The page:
New research into the impact of radiographic lesions to help the thoroughbred industry
Wednesday, 23 November 2022
Challenging agriculture to create accessible jobs
By Josie Clarke, Founder of Ability Agriculture, PhD Candidate at University of Sydney, and 2022 NSW/ACT AgriFutures Rural Women’s Award Winner.
Earlier this year Australian of the Year Dylan Alcott released NDIS 2.0 – A disability led plan for the NDIS, and one of its top recommendations is ‘Don’t make decisions about us without us.’ A statement which highlights one of the key objectives of Ability Agriculture – to ensure that the voices of people with a disability are heard when we talk about Australian agriculture.
Meaningful participation in the agricultural workforce by people with a disability is something I’m not just passionate about shining a light on, it’s something I want our industry to actively expand.
At the national Jobs and Skills Summit in September this year we heard that 53 percent of working-age people with a disability – be that physical, non-physical, visible or invisible – are in the labour force, compared to 84 percent of those without disability. However, this is a statistic that hasn’t changed significantly in my lifetime and frankly, it’s about time it did.
We know we have a workforce shortage in our sector, so why not start a meaningful conversation about accessible roles in agriculture and making more regional and rural workplaces supportive of people with a disability? I can only imagine what agriculture could achieve if it was more welcoming to every ability.
I started Ability Agriculture because of my Dad, who became a paraplegic when I was five and my Mum kept running our mid north coast of NSW beef grazing business.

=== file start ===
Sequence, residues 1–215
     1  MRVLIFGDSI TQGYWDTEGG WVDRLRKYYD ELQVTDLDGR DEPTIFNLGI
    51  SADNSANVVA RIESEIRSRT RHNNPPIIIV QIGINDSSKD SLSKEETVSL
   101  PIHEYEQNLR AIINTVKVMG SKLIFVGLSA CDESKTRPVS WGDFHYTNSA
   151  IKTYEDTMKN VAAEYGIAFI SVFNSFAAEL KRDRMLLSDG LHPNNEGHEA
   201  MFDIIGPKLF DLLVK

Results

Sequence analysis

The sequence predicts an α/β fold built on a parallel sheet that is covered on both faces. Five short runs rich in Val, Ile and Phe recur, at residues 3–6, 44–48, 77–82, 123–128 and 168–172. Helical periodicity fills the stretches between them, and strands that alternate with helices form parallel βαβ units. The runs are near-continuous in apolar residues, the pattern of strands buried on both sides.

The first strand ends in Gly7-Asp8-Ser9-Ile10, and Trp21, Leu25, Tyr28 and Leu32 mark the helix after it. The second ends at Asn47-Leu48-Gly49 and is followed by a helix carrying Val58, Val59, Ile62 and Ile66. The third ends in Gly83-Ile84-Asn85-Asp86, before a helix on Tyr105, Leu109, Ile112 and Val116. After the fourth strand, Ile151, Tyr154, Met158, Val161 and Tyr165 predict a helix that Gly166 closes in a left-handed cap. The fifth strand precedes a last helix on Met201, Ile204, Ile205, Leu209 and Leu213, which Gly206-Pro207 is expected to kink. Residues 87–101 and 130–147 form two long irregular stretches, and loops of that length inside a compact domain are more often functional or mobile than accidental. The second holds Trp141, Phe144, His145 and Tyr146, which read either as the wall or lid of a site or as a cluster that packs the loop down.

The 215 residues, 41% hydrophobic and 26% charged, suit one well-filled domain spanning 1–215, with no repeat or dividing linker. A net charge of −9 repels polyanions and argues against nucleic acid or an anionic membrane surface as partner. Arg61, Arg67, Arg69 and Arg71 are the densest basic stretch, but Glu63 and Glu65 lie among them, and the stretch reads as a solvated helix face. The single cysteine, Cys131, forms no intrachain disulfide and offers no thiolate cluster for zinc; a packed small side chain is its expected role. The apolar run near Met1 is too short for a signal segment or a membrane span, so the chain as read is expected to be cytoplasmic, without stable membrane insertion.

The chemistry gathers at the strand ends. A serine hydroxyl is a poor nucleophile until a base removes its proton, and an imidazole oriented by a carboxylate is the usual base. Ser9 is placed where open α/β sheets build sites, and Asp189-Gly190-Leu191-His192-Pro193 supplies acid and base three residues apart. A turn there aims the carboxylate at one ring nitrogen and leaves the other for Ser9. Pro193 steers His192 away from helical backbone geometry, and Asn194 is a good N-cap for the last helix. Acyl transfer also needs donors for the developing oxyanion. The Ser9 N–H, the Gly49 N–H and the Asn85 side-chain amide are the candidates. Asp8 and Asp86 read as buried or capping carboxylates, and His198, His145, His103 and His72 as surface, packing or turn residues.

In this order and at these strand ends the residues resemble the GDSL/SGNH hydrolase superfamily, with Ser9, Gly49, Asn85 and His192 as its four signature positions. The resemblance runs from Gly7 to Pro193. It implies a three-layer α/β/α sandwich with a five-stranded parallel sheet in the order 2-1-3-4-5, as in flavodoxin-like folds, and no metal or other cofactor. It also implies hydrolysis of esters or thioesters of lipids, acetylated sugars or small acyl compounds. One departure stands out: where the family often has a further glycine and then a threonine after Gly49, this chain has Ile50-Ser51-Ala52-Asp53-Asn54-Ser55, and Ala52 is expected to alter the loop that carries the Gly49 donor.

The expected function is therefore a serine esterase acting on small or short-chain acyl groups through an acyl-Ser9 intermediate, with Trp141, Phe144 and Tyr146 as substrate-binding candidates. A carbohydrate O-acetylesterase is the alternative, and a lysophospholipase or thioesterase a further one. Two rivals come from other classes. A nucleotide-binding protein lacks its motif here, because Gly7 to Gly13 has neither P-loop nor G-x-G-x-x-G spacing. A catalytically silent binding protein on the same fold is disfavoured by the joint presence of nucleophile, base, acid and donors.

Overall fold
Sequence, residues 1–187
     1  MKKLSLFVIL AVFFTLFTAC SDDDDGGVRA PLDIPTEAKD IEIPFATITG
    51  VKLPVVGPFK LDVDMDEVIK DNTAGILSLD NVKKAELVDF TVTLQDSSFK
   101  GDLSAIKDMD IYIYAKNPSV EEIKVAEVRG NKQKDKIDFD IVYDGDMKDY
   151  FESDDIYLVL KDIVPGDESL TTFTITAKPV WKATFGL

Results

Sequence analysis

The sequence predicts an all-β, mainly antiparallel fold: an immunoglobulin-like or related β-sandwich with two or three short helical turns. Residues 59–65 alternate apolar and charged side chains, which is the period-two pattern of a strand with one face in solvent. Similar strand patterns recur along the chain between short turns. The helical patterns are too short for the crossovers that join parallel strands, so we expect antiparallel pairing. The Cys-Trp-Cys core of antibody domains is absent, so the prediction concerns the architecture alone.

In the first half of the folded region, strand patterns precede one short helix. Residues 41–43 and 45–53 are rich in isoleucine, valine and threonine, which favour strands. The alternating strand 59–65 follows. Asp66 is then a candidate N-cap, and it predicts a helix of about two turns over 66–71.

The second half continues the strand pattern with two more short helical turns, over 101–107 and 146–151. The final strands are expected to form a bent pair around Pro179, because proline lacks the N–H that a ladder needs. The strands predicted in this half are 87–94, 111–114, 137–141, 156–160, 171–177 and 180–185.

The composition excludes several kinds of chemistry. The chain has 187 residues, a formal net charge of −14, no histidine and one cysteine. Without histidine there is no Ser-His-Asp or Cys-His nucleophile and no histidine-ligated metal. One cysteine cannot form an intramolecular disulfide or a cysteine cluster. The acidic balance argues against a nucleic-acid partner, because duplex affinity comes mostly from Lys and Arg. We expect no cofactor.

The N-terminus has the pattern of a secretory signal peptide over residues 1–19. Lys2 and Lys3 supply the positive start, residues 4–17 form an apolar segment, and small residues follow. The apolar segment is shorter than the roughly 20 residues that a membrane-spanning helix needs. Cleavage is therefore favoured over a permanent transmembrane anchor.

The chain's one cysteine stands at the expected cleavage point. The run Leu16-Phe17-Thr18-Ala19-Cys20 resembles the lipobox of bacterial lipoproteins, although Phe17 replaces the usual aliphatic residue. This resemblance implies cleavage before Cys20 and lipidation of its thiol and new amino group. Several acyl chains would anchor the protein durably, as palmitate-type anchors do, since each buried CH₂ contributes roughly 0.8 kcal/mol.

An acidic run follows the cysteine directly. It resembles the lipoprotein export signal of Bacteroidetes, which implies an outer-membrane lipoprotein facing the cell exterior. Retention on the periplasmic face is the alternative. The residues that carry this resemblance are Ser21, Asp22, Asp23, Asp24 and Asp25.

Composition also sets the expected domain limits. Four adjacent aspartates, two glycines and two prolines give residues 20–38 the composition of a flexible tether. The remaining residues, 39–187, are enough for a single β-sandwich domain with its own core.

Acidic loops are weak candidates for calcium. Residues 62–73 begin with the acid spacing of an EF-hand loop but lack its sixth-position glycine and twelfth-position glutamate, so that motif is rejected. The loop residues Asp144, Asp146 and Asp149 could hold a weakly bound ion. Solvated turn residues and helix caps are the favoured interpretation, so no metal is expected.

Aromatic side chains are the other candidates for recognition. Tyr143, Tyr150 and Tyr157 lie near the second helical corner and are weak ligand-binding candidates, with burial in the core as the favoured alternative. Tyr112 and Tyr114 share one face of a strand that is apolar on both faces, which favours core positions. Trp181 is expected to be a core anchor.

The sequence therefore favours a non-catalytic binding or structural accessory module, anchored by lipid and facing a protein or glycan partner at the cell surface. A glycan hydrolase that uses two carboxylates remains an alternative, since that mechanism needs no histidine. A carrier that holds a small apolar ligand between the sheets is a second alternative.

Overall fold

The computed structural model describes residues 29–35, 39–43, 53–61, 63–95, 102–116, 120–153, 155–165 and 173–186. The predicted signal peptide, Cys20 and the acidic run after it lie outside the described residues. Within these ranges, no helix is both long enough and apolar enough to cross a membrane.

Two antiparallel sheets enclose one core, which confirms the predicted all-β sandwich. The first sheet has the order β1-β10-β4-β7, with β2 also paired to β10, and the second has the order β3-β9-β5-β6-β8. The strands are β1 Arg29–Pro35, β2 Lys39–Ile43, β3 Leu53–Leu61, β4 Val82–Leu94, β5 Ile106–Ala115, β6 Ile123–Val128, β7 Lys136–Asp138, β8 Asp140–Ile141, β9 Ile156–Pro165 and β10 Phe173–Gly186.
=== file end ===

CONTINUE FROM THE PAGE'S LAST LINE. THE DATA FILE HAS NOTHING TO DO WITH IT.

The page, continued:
It means a lot to me that other people are now hearing about and connecting to my family’s story. And it means even more that we are listening to people working in agriculture whose stories aren’t often heard. What that is leading to is an agriculture sector that’s open to talking about inclusion and diversity, including for disability, and that’s a wonderful to be helping make possible.
That said, there is lots more to be done on workforce inclusion and I believe it’s time for agriculture to address what it is that we can, and will, do to create more accessible job opportunities for people with a disability. Starting the conversation is the first step to meaningful change.
I want to grow Ability Agriculture’s role beyond an advocacy network to a dynamic platform where people can advertise and find accessible jobs in the agriculture sector. It would be so great to know there’s one central place for employers and candidates to go where they need not worry about disclosing a disability or asking for support or accommodations. It will also open up opportunities for people from outside the agriculture sector, who just happen to have a disability, to explore more options for finding fulfilling careers and projects.
So, I have just two items on my wish list for the year ahead – firstly that the voices of people with a disability in agriculture continue to be heard in our workplaces and communities, and secondly that rural and regional businesses create more accessible roles and opportunities for employment.
If you’re wondering how to help make this happen, send an email to email@example.com and we can start the conversation by sending you some ideas and information so your organisation can get more accessible.
As QLD broadacre farmer Nigel Corish, who was born with cerebral palsy which affects the movement of the right side of his body, said “Don’t be afraid to put your hand up. For most of my life I thought I was different and didn’t have the confidence to speak up or put my hand up for opportunities. Now I’m glad I did.”
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